PD is also, in part, caused by an imbalance in the immune system within the brain, which may explain why people with certain kinds of allergies seem more prone to get PD. Brain uptake of selected bioflavonoids is also a promising way to restore balance to the parts of the brain that regulate the immune system and may have application to autoimmune disorders, cancer, diabetes, obesity, ALS, autism and Alzheimer’s.

Evidence now shows that some of the postural and movement complications of PD, which were previously believed to be unavoidable and irreversible, might actually be secondary to muscle imbalances that take hold unconsciously after PD brain damage. The Alexander Technique (AT), a method of psycho-physical re-education, has been shown to relieve some of these symptoms, and neurologists can refer to Alexander teachers as a complement to medication and surgery.

Other physical methods under investigation include vestibular therapy, sensory-motor stimulation, PNF facial stretching, myofascial therapy, and seated or standing rebounding. Exercise slows down the progression of PD, and even activities such as tango dancing have been shown to improve balance and reduce the risk of falling in PD patients.

PD clinical studies involving novel anti-inflammatory bioflavonoid concentrates, related nutritional support and physical methods (e.g., AT) are now being conducted, and patients are accepted from both physician and self-referrals.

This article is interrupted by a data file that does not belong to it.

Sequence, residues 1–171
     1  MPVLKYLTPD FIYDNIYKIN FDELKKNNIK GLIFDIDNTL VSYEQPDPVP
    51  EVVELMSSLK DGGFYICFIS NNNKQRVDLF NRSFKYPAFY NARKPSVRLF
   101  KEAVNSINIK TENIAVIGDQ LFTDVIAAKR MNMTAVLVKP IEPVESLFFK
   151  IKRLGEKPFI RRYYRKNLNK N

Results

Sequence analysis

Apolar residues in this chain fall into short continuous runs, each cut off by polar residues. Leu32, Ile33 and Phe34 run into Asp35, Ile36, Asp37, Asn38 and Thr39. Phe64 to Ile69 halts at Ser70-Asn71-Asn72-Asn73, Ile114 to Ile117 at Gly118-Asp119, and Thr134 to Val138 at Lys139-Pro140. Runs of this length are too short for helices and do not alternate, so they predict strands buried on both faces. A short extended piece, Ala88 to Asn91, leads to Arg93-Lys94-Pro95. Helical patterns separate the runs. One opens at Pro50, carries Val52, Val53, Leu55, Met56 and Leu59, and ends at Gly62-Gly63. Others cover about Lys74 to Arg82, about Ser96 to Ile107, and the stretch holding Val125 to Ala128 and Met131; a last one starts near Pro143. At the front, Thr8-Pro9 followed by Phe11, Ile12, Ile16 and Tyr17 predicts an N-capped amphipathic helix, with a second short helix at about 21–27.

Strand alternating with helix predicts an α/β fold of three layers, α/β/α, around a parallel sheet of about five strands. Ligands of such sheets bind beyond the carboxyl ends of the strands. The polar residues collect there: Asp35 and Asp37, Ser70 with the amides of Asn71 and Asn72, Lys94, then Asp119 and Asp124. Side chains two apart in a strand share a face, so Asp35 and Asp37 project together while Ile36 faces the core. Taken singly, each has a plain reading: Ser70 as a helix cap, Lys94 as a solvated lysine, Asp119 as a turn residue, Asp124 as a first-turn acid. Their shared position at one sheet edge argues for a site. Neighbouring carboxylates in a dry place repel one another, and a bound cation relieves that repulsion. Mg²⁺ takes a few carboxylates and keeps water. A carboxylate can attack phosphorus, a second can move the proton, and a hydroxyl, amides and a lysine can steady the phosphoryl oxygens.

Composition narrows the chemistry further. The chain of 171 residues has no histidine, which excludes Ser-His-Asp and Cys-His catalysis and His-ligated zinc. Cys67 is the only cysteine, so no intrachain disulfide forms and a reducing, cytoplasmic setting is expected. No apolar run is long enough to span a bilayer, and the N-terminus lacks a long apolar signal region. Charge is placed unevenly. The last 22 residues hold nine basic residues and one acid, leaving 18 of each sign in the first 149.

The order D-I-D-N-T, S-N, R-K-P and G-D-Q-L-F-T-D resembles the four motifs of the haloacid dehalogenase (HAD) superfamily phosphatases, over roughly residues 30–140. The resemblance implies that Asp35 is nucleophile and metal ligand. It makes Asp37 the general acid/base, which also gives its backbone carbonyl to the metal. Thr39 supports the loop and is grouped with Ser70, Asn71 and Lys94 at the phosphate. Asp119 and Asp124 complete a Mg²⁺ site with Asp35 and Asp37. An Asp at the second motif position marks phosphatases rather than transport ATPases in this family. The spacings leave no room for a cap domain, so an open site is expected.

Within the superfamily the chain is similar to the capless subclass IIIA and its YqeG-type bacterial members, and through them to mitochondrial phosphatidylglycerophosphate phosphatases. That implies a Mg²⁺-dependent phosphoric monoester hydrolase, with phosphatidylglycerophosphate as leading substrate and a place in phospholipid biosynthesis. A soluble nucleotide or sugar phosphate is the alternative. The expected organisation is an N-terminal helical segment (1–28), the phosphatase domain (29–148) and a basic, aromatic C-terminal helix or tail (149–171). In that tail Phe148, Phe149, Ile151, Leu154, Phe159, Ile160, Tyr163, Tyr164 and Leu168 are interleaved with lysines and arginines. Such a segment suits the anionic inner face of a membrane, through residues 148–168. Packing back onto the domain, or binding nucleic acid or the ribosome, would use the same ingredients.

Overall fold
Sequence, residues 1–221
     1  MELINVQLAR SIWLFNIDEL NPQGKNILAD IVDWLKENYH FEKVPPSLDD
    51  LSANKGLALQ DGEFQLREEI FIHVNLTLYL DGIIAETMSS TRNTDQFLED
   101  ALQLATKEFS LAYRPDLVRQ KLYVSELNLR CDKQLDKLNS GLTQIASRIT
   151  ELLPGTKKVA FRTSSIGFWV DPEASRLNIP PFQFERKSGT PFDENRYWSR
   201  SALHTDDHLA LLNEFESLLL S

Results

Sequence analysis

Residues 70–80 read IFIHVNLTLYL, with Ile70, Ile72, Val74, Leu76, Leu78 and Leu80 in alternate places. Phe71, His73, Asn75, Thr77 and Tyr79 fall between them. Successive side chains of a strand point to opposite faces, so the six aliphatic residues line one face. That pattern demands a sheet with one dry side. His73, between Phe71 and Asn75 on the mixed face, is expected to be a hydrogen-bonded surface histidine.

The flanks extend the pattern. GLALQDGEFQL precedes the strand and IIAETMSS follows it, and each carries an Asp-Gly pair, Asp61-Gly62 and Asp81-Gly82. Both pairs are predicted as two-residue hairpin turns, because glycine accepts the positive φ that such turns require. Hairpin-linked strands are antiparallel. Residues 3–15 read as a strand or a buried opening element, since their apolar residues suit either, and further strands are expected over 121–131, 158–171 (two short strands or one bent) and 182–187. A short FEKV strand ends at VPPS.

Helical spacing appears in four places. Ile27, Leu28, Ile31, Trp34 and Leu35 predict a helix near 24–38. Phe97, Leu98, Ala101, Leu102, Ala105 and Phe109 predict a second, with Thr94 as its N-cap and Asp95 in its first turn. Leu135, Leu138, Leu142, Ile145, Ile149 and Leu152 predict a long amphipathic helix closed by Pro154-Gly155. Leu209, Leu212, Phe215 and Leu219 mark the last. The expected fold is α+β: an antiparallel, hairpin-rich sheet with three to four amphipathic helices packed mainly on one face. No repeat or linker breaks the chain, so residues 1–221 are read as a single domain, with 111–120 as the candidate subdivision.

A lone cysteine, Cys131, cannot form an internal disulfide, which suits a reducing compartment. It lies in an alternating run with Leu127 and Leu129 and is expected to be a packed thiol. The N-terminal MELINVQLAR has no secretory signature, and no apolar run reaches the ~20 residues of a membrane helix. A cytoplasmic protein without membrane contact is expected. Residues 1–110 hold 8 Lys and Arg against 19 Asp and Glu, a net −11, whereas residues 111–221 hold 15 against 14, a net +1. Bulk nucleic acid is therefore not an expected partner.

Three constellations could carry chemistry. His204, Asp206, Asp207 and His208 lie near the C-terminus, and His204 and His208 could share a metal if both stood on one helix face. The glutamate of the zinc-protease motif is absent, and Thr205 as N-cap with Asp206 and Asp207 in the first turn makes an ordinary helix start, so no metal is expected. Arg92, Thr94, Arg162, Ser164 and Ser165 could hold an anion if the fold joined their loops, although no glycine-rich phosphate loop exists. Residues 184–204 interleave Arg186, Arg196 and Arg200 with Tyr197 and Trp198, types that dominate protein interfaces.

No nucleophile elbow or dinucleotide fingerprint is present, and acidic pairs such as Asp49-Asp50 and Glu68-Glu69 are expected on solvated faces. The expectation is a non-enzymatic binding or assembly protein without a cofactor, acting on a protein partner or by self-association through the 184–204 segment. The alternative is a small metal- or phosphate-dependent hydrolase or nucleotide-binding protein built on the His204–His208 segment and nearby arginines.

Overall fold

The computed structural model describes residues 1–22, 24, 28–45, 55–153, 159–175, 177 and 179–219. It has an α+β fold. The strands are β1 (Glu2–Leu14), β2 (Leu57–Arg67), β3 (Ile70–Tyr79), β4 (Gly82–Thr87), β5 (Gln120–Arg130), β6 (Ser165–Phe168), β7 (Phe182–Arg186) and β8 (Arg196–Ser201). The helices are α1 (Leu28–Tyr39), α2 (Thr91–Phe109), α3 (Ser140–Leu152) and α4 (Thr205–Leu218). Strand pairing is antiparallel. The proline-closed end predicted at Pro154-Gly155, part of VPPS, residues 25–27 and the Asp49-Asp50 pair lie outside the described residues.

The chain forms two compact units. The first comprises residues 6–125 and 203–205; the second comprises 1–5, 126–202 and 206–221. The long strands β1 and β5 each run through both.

Good candidates include those in the early years of PD, patients whose medications are starting to wear off or produce side effects, or those who have undergone unsuccessful neurosurgery or stereotactic radiosurgery. Patients diagnosed with Essential Tremor (ET) syndrome, the most common movement disorder, which studies suggest may mean four times the risk of developing into PD, can also be considered.

In the Phoenix area, Advanced Therapeutics is participating in this research. In some cases, screening can be done over the telephone or via the Internet. Certain participants may be eligible for products or services at reduced or waived fees and will not be required to stop existing treatments.

Following are some interesting facts about Parkinson’s disease :

  • Parkinson’s disease (PD) is a chronic, degenerative neurological disorder that affects both voluntary and involuntary movement. There is no cure at present; however, various treatment options can offer temporary relief from symptoms.
  • Parkinson’s disease is second only to Alzheimer’s as a degenerative neurological disorder.
  • More than 1.5 million people in the U.S. suffer from Parkinson’s disease. A new case is diagnosed every nine minutes.
  • Medications to treat Parkinson’s disease can cost a patient between $1,000 and $7,000 per year.
  • In the U.S., Parkinson’s disease costs about $25 billion each year. Source: National Parkinson’s Alliance


Hayle T. Aldren, M.D., M.D.(H), is a consultant in anti-aging medicine, nutrition, integrative cancer therapy, weight control and stem cell applications. He consults with Advanced Therapeutics and has been involved in integrative treatment of neuro-degenerative diseases for over 30 years. 480-991-1769.

Reprinted from AzNetNews, Volume 29, Number 4, Aug/Sept 2010.